A squeeze page is a web page that’s used for the purpose of getting people to opt in to your newsletter or mailing list by entering their name and email address. A squeeze page generally doesn’t have as much copy as a sales letter, but most squeeze pages have some teaser text and bullet points.
Increasingly, video is being used in place of text on squeeze pages. Most text-based squeeze pages consist of a headline, a short paragraph or two of copy, a few bullet points, and an opt-in box – all “above the fold,” meaning the reader doesn’t have to scroll to continue reading.
Some squeeze pages will also have graphics, including a header and footer, and perhaps other graphics such as an eCover for a free report that’s being given away as a reward for opting in.
First, you need to create a basic HTML page.
You can do this using a WYSIWYG editor, which should make it easier for beginners. WYSIWYG stands for “what you see is what you get.” A WYSIWIG HTML editor lets you design visually, and you generally need to know little, if any, HTML to use one.
Many people use a darker red or a medium blue as the background color for their squeeze page, but you can use any color you like, as long as it isn’t incredibly bright and distracting and it looks good with any other graphics you might use on the page.
You don’t want to put your text directly on this colored background, because it will probably be difficult to read. What you want to do is create a table with a white background, and put all of your text and graphics inside the table.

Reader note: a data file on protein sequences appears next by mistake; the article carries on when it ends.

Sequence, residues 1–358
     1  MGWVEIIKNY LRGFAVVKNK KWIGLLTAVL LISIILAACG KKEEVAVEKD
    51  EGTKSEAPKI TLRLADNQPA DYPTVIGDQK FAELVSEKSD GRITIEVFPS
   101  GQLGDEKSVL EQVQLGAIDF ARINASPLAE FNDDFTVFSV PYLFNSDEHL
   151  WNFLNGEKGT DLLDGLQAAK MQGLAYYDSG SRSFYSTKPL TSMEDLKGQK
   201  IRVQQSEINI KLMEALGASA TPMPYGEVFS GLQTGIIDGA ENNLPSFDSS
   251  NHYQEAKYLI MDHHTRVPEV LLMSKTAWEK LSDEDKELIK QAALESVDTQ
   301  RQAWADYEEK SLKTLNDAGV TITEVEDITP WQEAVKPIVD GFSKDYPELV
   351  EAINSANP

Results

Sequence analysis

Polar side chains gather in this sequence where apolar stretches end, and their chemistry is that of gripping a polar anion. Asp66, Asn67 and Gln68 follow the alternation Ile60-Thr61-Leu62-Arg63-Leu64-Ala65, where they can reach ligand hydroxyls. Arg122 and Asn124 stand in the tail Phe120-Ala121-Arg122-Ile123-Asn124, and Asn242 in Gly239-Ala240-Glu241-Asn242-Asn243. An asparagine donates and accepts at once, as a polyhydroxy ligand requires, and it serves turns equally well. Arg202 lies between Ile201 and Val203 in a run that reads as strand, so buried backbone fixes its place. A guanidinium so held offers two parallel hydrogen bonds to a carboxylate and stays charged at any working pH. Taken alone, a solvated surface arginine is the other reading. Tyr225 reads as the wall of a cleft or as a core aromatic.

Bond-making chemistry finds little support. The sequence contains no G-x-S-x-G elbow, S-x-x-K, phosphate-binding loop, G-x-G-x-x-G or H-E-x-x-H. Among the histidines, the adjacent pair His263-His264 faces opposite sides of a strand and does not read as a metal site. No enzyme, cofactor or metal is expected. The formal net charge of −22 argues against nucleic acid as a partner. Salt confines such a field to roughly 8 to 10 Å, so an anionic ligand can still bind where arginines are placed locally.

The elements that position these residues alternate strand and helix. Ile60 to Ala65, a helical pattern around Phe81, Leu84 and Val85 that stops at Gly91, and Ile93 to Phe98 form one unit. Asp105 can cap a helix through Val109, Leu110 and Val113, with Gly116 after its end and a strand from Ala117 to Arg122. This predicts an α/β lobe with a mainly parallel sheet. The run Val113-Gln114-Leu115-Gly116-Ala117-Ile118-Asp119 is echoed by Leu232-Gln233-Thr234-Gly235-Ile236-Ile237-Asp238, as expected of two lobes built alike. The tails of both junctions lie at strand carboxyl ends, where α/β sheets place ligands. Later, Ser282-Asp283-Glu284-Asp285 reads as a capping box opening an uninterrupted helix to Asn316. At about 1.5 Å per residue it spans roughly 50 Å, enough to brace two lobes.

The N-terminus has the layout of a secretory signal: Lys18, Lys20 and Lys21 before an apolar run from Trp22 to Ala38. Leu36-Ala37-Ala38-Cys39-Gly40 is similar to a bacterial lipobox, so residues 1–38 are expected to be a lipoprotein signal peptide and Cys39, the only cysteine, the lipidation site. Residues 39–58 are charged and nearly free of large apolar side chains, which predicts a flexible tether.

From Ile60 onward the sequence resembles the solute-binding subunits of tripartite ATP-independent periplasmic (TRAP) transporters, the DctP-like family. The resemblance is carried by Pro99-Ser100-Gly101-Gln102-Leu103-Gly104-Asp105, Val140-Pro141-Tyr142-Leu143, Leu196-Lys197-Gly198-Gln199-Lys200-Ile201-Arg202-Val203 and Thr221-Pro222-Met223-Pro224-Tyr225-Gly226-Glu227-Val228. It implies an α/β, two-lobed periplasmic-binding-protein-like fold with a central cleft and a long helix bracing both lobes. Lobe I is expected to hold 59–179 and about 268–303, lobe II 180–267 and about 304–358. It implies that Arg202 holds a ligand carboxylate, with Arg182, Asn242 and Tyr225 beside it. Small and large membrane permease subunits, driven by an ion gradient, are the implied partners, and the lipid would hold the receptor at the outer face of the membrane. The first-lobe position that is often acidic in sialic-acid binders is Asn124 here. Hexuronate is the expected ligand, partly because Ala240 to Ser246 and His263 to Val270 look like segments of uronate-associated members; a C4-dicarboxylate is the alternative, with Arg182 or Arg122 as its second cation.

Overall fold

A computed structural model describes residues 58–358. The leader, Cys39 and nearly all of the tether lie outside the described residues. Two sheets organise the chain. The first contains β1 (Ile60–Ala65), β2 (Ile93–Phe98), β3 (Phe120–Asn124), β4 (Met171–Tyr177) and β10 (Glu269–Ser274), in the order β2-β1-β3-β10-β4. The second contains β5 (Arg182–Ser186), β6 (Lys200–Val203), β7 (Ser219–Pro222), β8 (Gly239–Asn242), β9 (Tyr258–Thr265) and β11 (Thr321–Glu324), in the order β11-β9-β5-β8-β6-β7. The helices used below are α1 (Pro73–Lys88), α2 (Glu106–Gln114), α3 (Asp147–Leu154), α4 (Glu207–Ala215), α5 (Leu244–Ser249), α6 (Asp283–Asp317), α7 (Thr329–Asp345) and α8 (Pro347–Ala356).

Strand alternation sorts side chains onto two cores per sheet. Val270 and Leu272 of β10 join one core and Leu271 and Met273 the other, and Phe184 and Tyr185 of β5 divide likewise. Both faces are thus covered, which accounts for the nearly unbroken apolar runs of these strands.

In your program, create a table with a single cell (1×1) and set the background color to white. This table should probably be between 700 and 800 pixels in width. Most people use between 750 and 770 pixels, because it’s large enough to look good on monitors with very high resolutions, yet it still shows up well even at 800 x 600.
Inside this table, you’ll want to put the rest of your squeeze page information. This should include a headline, a little copy, bullet point or a video, and your opt-in box (you’ll get the code for this from your autoresponder).
You can also put the eCover of the product you’ll be giving away to subscribers, if you have one. Your headline should be something that will tease visitors and make them really want to sign up to get the information you have.
If you’re giving away a 10-page report on the hidden dangers in pet food, your headline might read, “Did you know the food you give your beloved pet could kill him? Read this shocking FREE report about dangerous additives in pet food that could cause your four-legged friend to suffer a slow, agonizing death!”
Next, you need to include some very short teaser copy. Just put in a paragraph or two of text or bullet points that describe the product you’re giving away for free. If you’re using Aweber, you’ll create a list, and then get the code from your admin area.